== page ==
William Bayne (Royal Navy officer)
|Died||9 April 1782
Aboard HMS Alfred, prior to the Battle of the Saintes
|Allegiance||Kingdom of Great Britain|
|Years of service||– 1782|
|Commands held||HMS Woolwich
William Bayne (died 9 April 1782), was an officer of the Royal Navy. He saw service during the Seven Years' War and the American War of Independence, being killed in action in a brief engagement prior to the Battle of the Saintes.
Seven Years' War
Bayne became a lieutenant on 5 April 1749; in 1755 he served in that rank on board HMS Torbay, in North American waters, with Admiral Edward Boscawen, and in November 1756 was advanced to the command of a sloop of war. In 1760 he was promoted to post captain and given command of the 44-gun HMS Woolwich, and served in that ship at the reduction of Martinique in 1762, and continued there aboard the frigate HMS Stag, under the command of Vice-Admiral George Brydges Rodney.
American War of Independence
After this he had no command till 1778, when he was appointed to the newly built 74-gun HMS Alfred, and served in the Channel Fleet through 1779 and 1780. He afterwards went to the West Indies as part of the squadron with Sir Samuel Hood, and was present in the action off Fort Royal in Martinique on 29 April 1781, and in the action off the Chesapeake on 5 September. Owing to the faulty system of tactics then in vogue and almost compulsory, the Alfred had no active share in either of these battles, the circumstances of which were afterwards much discussed.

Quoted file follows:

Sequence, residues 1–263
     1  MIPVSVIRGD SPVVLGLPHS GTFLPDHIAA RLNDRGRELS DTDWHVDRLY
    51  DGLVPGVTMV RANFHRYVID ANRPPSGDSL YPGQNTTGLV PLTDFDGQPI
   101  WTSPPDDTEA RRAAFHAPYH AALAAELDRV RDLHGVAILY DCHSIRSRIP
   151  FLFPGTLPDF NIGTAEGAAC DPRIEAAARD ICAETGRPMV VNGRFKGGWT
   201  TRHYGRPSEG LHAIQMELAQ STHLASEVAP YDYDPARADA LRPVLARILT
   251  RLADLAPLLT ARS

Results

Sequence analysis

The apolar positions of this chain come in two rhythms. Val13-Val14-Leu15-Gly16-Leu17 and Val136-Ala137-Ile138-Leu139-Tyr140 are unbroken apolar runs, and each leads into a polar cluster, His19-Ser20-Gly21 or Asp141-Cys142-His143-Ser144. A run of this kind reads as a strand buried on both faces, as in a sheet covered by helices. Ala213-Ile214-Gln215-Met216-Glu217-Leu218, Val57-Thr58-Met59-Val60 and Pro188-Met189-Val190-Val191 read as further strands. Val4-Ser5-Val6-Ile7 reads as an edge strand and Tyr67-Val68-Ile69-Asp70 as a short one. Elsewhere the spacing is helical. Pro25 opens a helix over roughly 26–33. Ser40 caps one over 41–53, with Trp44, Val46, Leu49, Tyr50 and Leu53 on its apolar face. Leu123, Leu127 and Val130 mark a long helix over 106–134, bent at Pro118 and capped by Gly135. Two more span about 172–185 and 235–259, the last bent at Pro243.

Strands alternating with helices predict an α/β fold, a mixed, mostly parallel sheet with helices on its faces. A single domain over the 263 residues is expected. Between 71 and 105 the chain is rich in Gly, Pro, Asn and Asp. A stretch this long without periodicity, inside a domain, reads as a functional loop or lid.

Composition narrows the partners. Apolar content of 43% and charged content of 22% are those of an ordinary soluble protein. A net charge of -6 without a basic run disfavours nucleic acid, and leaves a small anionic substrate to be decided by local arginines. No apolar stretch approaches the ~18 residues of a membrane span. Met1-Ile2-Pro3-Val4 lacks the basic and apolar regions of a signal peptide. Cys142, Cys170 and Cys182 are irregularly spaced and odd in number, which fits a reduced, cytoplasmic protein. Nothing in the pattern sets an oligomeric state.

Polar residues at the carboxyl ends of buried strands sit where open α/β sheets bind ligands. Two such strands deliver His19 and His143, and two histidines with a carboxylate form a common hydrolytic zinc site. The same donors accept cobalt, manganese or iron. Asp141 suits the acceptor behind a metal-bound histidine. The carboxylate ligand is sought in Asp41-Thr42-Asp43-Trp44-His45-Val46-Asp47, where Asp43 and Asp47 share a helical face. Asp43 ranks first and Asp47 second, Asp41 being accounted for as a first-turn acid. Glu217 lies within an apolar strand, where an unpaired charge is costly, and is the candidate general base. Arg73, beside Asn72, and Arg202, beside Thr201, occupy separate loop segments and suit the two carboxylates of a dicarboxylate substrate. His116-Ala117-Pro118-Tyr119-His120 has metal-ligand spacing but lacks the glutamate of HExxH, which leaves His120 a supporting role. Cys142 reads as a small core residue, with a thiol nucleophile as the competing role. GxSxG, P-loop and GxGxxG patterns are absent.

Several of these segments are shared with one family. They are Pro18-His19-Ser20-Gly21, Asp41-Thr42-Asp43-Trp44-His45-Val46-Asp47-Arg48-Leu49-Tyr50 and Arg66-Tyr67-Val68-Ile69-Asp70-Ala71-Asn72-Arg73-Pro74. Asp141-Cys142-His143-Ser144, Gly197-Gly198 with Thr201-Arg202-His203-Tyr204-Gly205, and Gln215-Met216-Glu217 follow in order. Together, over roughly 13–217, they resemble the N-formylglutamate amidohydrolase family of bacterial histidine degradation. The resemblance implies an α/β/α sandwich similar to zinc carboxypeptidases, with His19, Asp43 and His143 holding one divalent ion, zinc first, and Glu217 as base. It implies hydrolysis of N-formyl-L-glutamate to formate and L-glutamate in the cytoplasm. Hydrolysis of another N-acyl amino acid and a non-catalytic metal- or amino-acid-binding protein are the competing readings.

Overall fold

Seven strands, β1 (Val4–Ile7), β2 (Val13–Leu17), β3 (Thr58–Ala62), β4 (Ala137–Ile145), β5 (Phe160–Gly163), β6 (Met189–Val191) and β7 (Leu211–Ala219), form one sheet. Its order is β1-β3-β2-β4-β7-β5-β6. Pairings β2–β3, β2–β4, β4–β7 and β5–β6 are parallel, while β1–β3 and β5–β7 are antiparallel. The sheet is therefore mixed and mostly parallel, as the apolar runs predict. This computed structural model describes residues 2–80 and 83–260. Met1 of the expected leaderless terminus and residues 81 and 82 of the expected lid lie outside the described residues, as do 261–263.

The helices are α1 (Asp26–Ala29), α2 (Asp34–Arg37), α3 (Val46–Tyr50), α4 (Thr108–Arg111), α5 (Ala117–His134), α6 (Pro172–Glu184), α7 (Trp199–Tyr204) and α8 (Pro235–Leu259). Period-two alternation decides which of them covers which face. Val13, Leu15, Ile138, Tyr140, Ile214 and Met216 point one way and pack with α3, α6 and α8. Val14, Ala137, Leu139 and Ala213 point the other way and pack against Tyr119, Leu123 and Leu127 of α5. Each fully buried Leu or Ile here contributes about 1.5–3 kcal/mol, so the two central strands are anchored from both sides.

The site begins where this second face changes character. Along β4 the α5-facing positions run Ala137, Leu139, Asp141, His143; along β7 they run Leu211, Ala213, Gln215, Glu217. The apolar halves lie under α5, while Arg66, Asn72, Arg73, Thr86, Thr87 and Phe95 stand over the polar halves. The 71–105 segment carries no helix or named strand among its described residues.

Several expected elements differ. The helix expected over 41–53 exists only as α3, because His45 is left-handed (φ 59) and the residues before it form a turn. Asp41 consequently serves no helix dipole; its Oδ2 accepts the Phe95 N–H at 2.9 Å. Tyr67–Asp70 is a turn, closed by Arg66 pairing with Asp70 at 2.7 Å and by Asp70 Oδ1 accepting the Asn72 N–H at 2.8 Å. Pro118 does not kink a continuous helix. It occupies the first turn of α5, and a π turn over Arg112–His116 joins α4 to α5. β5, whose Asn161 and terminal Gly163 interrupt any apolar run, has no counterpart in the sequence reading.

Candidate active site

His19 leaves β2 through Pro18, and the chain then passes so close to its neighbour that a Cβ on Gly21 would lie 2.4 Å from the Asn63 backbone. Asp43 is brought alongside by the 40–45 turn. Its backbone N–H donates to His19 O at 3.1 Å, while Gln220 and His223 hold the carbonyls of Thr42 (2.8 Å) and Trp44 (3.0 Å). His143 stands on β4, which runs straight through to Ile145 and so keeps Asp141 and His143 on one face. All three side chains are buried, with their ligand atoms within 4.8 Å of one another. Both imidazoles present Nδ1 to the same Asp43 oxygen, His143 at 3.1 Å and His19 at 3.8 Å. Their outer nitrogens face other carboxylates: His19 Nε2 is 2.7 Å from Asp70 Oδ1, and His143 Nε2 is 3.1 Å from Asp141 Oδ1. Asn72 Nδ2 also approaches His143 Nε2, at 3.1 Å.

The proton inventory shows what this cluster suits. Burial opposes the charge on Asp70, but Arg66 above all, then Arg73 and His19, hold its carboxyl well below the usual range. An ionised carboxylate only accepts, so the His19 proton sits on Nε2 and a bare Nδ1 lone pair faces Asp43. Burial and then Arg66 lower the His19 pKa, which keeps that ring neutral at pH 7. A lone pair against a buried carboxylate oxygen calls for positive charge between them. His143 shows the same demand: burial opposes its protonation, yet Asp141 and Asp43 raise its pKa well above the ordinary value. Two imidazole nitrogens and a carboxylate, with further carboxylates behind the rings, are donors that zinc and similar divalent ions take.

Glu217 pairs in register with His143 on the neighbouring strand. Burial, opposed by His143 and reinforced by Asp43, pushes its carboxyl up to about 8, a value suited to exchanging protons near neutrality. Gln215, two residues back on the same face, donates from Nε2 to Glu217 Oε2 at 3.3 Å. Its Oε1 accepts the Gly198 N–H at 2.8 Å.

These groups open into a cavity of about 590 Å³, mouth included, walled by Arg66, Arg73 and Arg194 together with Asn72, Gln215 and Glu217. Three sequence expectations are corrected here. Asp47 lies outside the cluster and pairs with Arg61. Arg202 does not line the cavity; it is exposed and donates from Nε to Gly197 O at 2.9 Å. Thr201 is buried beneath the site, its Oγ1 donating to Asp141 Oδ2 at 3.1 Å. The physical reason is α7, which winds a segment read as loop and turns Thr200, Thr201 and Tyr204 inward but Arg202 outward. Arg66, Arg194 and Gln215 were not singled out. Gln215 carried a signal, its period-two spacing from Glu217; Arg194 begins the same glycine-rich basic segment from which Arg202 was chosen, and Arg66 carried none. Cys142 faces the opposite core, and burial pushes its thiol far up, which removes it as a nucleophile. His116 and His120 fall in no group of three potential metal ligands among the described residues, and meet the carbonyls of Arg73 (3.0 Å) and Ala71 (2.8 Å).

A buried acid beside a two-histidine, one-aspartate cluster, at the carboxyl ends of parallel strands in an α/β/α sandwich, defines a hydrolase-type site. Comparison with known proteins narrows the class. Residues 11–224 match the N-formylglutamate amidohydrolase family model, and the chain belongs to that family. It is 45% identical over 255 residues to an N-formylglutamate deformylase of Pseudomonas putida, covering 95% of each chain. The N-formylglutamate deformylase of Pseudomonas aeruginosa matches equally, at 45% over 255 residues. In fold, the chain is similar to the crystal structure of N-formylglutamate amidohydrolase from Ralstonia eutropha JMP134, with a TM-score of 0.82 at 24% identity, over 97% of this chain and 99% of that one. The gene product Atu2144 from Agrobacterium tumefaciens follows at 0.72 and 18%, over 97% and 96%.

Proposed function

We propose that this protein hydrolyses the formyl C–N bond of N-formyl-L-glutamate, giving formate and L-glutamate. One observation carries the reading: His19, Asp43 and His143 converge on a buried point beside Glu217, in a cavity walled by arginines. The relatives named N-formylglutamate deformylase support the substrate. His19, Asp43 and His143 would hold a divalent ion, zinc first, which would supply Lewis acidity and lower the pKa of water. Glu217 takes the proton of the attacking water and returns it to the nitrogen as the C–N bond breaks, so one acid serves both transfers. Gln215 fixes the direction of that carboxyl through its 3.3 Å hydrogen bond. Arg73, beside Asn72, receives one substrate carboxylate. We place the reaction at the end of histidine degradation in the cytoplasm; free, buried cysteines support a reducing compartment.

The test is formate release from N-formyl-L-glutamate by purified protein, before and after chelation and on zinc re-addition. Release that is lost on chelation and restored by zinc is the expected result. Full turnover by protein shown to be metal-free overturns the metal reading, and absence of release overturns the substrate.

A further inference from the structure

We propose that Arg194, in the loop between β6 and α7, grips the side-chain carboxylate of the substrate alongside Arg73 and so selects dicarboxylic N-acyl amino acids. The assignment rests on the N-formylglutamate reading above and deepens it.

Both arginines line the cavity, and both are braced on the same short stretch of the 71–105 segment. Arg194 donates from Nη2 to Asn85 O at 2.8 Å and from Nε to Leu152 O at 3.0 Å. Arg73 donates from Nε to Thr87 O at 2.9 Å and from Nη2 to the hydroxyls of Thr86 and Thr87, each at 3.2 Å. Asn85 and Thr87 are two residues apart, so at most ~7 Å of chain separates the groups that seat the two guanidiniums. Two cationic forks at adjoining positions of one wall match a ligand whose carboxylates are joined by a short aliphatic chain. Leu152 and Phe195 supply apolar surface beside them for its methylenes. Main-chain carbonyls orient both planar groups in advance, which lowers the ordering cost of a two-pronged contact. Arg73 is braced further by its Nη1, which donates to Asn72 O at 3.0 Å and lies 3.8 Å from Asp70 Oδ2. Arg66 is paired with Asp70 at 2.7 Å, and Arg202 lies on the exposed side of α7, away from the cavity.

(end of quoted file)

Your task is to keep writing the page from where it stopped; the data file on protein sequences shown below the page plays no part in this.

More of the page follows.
On returning to the West Indies the Alfred was with Sir Samuel Hood at the Battle of Saint Kitts, where she accidentally fouled the frigate HMS Nymphe, cutting her down to the water, and losing her own bowsprit. This delayed the fleet at the very critical moment when Hood had proposed an unexpected attack on the French at anchor. No blame was attached to Captain Bayne for the accident, which was mainly due to the darkness of the night. Bayne quickly refitted his ship and resumed his station in the line, which won him credit, as did his distinguished conduct in the battle. When the fleet was reunited under the flag of Sir George Rodney, the Alfred continued under the immediate orders of Sir Samuel Hood, and with other ships of Hood's division was engaged in the partial action with the French on 9 April 1782, just prior to the Battle of the Saintes. It was little more than a distant interchange of fire between the respective vans; but one shot carried off Captain Bayne's leg about mid-thigh. Before a tourniquet could be applied, he was dead. To his memory, jointly with that of Captains William Blair and Lord Robert Manners, who were killed in the battle three days later, a national monument was placed in Westminster Abbey.